Both the logistical difficulties of having a COVID-safe concert and the task of constructing an appealing musical experience require a capable showrunner, and the city government did not have to look far to find one. De Blasio personally sought out a great musical mind to orchestrate the task of assembling the large-scale event with limited time. His search yielded Clive Davis, an accomplished record producer and prominent Brooklyn native. Davis has welcomed the task of organizing the event, expressing his appreciation of Central Park’s relevance as a symbol of the city’s prowess. Hoping to add his concert to the exclusive list of events that will endure throughout history, Davis is seeking a lineup of six to eight world-renowned artists, preferably with a connection to New York.
Davis and the production company Live Nation have endeavored to make most tickets free, a remarkable sacrifice considering the event’s scale. Increasing the accessibility of the performance greatly contributes to the city government’s goal of cultivating a welcoming atmosphere for both residents and tourists.
Though much of the guest list has been shrouded in uncertainty, several names have been confirmed, including songwriting legend Bruce Springsteen, R&B superstar Jennifer Hudson and Paul Simon of Simon and Garfunkel fame. From these names alone, it is easy to see Davis’ aspirations to cultivate a distinctly New York atmosphere.
Springsteen is a native of neighboring New Jersey and is currently performing an extended concert series on Broadway. Paul Simon grew up in Queens and contributed to the folk revival movement of the 1960s that was centered in Lower Manhattan. The inclusion of Jennifer Hudson offers hope that the remaining lineup will represent a diversity of genres, which will be particularly important in expanding the variety of acts that are associated with Central Park.
It is remarkable that Davis has been able to secure the specific stars that currently sit on the concert’s roster, for both Springsteen and Simon are unlikely selections for large summer shows. Springsteen’s commitment on Broadway will overlap with the August date of the concert, while Simon has officially retired from concert tours but has made himself available for select charitable performances.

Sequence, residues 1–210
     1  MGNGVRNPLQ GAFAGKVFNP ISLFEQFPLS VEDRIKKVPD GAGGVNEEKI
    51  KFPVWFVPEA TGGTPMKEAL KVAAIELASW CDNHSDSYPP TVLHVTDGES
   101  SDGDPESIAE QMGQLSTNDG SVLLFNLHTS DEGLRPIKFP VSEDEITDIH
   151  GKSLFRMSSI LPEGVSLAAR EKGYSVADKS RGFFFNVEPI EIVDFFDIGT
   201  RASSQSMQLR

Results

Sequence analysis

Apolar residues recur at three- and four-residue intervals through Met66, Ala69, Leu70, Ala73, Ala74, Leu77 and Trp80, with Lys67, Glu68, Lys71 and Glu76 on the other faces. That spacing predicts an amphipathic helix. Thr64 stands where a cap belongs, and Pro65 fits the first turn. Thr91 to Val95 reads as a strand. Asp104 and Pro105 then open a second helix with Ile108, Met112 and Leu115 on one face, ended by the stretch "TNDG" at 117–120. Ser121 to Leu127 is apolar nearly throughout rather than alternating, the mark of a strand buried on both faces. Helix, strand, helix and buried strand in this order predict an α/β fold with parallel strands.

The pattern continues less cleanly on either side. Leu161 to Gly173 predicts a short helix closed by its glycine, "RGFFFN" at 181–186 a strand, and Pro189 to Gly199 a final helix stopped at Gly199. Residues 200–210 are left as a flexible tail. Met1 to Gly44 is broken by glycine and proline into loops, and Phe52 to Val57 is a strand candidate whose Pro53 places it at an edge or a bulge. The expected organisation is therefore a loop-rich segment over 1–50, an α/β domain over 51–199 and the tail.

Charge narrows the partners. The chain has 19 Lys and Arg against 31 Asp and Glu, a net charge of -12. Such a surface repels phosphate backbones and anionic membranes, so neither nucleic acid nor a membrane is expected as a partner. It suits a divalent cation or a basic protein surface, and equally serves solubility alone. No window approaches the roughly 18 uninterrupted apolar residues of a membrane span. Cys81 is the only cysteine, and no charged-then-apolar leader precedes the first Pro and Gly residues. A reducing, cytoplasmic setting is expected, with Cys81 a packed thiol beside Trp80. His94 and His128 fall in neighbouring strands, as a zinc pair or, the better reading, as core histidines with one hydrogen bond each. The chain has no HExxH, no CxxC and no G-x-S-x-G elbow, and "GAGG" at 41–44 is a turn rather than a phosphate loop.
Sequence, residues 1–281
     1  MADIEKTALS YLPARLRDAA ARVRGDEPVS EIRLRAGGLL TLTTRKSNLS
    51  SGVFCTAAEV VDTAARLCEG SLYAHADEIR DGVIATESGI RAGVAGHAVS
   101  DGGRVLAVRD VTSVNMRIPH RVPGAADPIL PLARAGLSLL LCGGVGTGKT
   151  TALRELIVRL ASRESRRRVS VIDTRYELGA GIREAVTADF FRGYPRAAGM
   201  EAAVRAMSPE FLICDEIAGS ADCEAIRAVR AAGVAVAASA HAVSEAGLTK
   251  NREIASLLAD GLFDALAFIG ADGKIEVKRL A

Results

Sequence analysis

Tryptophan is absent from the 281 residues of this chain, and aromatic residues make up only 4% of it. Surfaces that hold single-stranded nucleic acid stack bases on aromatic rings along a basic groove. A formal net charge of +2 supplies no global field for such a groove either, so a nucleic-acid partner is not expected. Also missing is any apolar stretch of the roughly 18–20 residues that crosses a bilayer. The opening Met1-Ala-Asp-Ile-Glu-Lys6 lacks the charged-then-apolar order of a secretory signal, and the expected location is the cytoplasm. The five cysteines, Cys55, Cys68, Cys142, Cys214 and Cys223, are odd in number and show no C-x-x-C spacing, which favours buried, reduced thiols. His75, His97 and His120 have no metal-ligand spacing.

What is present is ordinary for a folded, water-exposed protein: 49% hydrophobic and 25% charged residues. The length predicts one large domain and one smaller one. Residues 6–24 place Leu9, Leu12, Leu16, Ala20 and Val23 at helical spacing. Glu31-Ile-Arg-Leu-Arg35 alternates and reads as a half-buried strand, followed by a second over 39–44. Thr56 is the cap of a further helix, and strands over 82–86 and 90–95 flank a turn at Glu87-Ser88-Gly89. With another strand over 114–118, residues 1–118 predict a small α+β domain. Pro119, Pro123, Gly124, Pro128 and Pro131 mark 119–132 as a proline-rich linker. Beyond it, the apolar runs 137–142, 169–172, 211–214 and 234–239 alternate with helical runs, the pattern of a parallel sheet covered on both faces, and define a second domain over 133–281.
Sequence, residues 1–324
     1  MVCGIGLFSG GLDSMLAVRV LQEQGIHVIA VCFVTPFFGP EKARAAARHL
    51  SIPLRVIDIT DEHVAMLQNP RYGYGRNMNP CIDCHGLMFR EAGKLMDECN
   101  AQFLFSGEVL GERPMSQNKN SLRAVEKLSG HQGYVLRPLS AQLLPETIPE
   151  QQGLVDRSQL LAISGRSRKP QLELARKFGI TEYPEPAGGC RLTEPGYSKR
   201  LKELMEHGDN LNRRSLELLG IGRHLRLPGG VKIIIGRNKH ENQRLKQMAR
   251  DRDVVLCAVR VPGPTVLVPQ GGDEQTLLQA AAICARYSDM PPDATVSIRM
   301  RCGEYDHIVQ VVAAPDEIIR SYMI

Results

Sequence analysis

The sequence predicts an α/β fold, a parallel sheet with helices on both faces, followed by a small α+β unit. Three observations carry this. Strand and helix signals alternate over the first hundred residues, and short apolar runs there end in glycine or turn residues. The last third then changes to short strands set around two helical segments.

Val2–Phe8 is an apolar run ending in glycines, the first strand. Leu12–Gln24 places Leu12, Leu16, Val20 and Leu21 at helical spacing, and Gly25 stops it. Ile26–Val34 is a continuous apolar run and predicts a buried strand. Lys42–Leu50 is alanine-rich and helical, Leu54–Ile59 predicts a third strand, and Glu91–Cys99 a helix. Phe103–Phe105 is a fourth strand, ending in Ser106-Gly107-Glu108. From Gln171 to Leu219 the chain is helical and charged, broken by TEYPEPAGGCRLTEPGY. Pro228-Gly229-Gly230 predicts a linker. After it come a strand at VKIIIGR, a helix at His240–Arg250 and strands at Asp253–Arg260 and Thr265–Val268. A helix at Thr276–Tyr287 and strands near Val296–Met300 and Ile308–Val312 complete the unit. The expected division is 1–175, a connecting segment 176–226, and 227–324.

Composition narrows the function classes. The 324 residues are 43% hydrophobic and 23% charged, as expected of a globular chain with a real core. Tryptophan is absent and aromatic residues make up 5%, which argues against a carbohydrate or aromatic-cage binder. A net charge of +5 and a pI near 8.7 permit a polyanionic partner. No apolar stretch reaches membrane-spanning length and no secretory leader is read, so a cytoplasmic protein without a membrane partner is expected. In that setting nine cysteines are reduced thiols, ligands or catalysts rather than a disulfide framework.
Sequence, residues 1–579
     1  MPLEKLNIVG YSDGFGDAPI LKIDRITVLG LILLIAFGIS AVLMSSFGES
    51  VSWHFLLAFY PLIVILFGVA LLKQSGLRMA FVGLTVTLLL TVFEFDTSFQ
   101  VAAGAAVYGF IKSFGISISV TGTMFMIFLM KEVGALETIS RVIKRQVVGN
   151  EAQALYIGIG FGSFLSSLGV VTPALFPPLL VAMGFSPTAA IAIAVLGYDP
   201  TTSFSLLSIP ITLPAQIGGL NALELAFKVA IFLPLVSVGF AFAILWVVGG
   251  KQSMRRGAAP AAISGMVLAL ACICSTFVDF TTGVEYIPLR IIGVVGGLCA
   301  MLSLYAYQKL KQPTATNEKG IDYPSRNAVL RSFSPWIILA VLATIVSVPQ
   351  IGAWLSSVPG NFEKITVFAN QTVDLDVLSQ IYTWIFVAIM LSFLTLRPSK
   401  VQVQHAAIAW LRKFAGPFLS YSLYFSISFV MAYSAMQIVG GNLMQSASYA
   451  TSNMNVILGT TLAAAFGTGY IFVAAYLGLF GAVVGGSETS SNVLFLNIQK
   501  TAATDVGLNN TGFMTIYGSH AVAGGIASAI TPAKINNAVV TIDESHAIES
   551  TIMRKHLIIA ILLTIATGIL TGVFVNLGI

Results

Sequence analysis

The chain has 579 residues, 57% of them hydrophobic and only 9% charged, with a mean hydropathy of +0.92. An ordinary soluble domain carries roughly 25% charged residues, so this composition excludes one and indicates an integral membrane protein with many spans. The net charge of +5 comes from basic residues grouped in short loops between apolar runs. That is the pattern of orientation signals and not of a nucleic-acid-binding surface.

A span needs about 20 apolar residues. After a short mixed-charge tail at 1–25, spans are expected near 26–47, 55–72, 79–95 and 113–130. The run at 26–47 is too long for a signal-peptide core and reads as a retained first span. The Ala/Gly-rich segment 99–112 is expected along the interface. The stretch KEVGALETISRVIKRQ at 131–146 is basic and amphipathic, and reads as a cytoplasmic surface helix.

Even the limited lineup is a rarity for an event space that has largely seen smaller-scale and band-oriented performances in recent years. The New York Philharmonic is one notable example, performing summer concerts on the Great Lawn as part of the Concert in the Parks series. The upcoming concert will clearly break this template for Central Park concerts, potentially inspiring similarly sizeable future shows that could attract a more consistent stream of A-list musicians.
The concert will undoubtedly serve as a boost to public morale, a consequence that undoubtedly has political motives behind it. De Blasio, who is nearing the end of his tenure as the city’s mayor, will be able to lean on festivities such as the “Central Park Homecoming” to boost his approval rating as he exits office.
Following a wildly unsuccessful presidential bid in 2019 and in light of his consistent failure to address police brutality in New York, many residents see de Blasio as a deeply flawed politician. If the concert is well received in conjunction with the successful reopening of the city’s public spaces, it may be enough to alter the perception of his last months in office.
The outcomes of New York’s renaissance initiatives are highly dependent upon the success of high-profile endeavors like the Central Park Homecoming, an already promising event that conceptually achieves the stated goal of drawing attention back to New York. Everyone involved has ensured that the summer will not lack music in the park, one of the most quintessentially American and presently much-needed summertime traditions.